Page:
}



The above code gets translated into tensor intrinsics in LLVM IR:

define void @example(<6400000 x i32>* byval(<6400000 x i32>)  %tensor1, 

                     <6400000 x i32>* byval(<6400000 x i32>)  %tensor2) {
   %tensor1_token = call token @llvm.tensor.typeinfo(

                    <6400000 x i32>* byval(<6400000 x i32>) %tensor1, 

                    <4 x i32> <i32 1, i32 10, i32 800, i32 800>, 

                    <4 x i32> <i32 0, i32 1, i32 2, i32 3>, 

                    <4 x i32> <i32 0, i32 0, i32 0, i32 0>)
   %tensor2_token = call token @llvm.tensor.typeinfo(

                    <6400000 x i32>* byval(<6400000 x i32>) %tensor2, 

                    <4 x i32> <i32 1, i32 10, i32 800, i32 800>, 

                    <4 x i32> <i32 0, i32 1, i32 2, i32 3>, 

                    <4 x i32> <i32 0, i32 0, i32 0, i32 0>)

   %tensor3 = call <640000 x i32> @llvm.tensor.matmul(

                                      token %tensor1_token, 

                                      token %tensor2_token)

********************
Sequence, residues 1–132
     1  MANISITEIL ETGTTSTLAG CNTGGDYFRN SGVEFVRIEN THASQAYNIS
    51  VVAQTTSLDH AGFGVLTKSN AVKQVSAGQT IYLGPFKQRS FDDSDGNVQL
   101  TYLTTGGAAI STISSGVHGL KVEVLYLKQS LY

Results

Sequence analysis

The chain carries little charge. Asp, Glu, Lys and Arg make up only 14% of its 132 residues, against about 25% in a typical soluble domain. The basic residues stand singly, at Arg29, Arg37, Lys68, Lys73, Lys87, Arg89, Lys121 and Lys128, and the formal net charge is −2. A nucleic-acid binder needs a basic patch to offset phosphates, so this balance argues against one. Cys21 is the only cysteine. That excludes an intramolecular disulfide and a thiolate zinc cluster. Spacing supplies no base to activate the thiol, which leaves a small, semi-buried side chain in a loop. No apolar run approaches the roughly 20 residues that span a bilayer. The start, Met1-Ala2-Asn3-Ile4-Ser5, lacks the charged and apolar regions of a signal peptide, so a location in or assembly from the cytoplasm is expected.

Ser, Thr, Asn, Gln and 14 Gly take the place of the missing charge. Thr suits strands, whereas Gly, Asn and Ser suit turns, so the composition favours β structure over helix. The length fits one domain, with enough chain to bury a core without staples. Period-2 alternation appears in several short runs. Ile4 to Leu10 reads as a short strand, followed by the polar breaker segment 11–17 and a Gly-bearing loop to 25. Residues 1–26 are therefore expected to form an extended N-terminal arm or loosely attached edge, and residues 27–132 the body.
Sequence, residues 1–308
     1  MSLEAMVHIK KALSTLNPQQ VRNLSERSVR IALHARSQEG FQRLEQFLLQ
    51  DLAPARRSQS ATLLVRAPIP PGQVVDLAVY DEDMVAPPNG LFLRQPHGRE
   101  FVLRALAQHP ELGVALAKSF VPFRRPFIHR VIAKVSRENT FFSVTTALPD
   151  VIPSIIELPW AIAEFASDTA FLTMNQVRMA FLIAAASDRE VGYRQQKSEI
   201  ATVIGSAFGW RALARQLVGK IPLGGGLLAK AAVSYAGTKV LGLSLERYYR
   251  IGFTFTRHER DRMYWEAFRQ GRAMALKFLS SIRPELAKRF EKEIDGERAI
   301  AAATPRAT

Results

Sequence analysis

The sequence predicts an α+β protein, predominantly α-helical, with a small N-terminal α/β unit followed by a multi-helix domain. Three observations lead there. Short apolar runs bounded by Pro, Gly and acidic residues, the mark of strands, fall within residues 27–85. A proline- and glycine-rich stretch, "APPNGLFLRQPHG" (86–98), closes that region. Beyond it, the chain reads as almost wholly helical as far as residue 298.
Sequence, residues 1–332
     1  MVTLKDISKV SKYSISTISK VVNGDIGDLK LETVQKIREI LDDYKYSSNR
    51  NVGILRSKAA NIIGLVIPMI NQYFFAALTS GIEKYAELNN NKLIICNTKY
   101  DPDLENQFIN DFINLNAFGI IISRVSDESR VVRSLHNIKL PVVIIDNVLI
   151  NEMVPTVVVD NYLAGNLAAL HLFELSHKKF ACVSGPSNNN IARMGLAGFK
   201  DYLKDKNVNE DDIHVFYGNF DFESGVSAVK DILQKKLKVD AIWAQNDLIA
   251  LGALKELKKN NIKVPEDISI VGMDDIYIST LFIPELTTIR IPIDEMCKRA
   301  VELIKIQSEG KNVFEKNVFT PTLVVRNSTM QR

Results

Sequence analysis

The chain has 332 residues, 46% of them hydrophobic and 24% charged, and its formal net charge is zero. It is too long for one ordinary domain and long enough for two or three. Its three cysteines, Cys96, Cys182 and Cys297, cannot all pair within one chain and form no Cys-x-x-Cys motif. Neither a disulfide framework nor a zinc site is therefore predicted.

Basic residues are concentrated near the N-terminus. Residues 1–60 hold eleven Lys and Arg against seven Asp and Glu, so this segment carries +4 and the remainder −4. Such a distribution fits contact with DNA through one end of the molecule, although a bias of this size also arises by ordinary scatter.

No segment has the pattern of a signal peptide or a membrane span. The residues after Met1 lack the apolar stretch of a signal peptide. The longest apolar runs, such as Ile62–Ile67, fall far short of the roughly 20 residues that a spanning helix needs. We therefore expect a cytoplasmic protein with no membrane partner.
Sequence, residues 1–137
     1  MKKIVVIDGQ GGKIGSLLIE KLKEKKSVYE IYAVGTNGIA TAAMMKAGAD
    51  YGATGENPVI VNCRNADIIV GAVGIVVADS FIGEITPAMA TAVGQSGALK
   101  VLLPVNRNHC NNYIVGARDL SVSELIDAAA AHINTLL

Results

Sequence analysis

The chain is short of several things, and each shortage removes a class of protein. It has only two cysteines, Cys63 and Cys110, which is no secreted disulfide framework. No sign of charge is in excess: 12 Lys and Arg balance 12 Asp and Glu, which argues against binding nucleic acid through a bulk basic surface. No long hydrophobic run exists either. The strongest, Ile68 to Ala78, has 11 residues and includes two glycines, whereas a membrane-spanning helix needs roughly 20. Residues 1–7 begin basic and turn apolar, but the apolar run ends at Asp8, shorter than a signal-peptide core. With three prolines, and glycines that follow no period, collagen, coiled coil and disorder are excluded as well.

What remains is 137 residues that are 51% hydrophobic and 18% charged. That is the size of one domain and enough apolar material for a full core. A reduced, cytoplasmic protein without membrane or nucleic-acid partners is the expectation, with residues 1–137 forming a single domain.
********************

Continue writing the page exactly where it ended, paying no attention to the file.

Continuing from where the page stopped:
%tensor3_token = call token @llvm.tensor.typeinfo(

                                      <6400000 x i32>* byval(<6400000 x i32>) %tensor3, 

                                      <4 x i32> <i32 1, i32 10, i32 800, i32 800>,  

                                      <4 x i32> <i32 0, i32 1, i32 2, i32 3>, 

                                      <4 x i32> <i32 0, i32 0, i32 0, i32 0>)

   ret 
}


Link to the Google doc for this proposal:

https://docs.google.com/document/d/1r3bHerTFqloldHH-OcMNF2kuCaYOB5JEeGtb7ftLmNg/edit?usp=sharing
 
 

 

 

 

 

 

 

 

 

 

Kothari, Akash via llvm-dev

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Nov 15, 2021, 1:18:33 PM11/15/21
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For those who may have been having trouble viewing the RFC in plain text format, we have our proposal in a Google doc: https://docs.google.com/document/d/1IW6VIJ4lMYbGRTOle7S5QXP7Sb5UlucZ3gf-L-4Ccfs/edit?usp=sharing. It would be great if y’all could comment in the google doc or respond via email.

Thanks,
Akash Kothari

Florian Hahn via llvm-dev

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Nov 23, 2021, 12:32:25 PM11/23/21
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Hi,

Thanks for sharing the proposal! I think the matrix extension has shown that it is feasible to use a ‘flat vector’ encoding to support more complex operations. Decoupling the shape information from the ‘operational’ intrinsics seems very neat!


Below some additional initial questions.

* The proposal itself is very big, both in terms of text as well as in the code that will be required to implement it. Have you thought about how to bring up support in a way that allows using a (smaller) subset of intrinsics end-to-end?